Palestine. For most of us, the word brings to mind a series of confused images and disjointed associationsmassacres, refugee camps, UN resolutions, settlements, terrorist attacks, war, occupation, checkered kuffiyehs and suicide bombers, a seemingly endless cycle of death and destruction. This novel does not shy away from such painful images, but it is first and foremost a powerful human story, following the life of a young girl from her days in the village of al-Tantoura in Palestine up to the dawn of the new century. We participate in events as they unfold, seeing them through the uneducated but sharply intelligent mind of Ruqayya, as she tries to make sense of all that has happened to her and her family. With her, we live her love of her land and of her people; we feel the repeated pain of loss, of diaspora, and of cross-generational misunderstanding; and above all, we come to know her indomitable human spirit. As we read we discover that we have become part of Ruqayya’s family, and her voice will remain with us long after we have closed the book.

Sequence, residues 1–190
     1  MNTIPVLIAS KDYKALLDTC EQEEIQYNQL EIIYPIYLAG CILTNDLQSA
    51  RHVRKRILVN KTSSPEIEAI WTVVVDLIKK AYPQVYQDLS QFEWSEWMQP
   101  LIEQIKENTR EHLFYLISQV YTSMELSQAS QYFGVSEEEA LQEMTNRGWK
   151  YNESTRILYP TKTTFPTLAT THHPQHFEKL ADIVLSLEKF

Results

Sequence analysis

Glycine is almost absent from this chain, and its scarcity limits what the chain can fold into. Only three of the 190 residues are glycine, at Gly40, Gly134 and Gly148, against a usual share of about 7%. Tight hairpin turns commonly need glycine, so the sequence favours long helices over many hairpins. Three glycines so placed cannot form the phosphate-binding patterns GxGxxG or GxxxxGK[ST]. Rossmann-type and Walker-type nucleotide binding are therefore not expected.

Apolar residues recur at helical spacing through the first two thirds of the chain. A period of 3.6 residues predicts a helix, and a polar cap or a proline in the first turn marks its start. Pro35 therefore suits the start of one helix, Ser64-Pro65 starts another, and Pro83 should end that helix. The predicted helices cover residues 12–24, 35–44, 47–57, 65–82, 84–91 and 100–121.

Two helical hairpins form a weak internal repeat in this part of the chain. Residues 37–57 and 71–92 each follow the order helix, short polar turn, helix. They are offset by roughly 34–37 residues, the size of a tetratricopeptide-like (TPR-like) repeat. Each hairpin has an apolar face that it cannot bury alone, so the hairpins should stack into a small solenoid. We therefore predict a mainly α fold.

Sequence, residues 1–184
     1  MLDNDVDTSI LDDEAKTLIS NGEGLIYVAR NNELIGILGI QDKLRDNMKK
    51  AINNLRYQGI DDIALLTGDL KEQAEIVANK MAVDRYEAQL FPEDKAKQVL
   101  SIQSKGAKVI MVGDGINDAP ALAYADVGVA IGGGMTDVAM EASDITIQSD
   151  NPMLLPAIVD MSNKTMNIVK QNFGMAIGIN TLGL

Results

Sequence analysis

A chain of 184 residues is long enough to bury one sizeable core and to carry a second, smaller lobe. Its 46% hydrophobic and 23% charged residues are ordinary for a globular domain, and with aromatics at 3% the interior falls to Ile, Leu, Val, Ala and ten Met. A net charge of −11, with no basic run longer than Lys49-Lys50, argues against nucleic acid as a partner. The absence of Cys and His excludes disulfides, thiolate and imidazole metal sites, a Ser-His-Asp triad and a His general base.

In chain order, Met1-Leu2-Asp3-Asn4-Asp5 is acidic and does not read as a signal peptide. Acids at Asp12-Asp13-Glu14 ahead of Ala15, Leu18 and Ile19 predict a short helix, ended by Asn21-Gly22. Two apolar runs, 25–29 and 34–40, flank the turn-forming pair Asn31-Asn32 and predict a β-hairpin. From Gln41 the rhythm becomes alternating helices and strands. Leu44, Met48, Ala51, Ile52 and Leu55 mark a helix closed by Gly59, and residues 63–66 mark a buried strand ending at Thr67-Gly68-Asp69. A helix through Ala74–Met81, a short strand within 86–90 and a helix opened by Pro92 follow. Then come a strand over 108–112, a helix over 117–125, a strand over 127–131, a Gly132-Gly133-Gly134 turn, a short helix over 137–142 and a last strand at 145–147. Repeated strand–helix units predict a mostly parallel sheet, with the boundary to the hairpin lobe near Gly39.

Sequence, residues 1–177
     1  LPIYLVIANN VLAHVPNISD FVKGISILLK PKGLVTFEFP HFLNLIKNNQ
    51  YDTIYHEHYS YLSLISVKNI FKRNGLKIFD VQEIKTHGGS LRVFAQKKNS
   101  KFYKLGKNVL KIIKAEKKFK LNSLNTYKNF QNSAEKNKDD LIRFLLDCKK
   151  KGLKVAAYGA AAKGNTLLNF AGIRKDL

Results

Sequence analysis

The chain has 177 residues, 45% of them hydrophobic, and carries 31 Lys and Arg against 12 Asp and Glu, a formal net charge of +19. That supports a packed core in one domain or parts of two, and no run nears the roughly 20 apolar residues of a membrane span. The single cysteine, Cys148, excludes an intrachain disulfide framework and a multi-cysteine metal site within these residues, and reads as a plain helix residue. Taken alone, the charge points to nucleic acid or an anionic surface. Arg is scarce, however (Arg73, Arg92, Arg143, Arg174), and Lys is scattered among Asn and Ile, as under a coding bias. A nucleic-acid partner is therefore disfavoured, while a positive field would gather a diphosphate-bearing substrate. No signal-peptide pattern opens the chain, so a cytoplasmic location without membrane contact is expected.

|Publisher:||American University in Cairo Press, The|
|Product dimensions:||5.10(w) x 7.80(h) x 1.20(d)|
About the Author
Radwa Ashour, a highly acclaimed Egyptian writer and scholar, is the author of more than fifteen books of fiction, memoir, and criticism, including Granada (AUC Press, 2008) and Specters (AUC Press, 2010). She is a recipient of the Constantine Cavafy Prize for Literature and the prestigious Owais Prize for Fiction.
Kay Heikkinen has taught medieval history and literature as well as Islamic civilization, and currently teaches Arabic at the University of Chicago. She is the translator of Naguib Mahfouz’s In the Time of Love (AUC Press, 2010).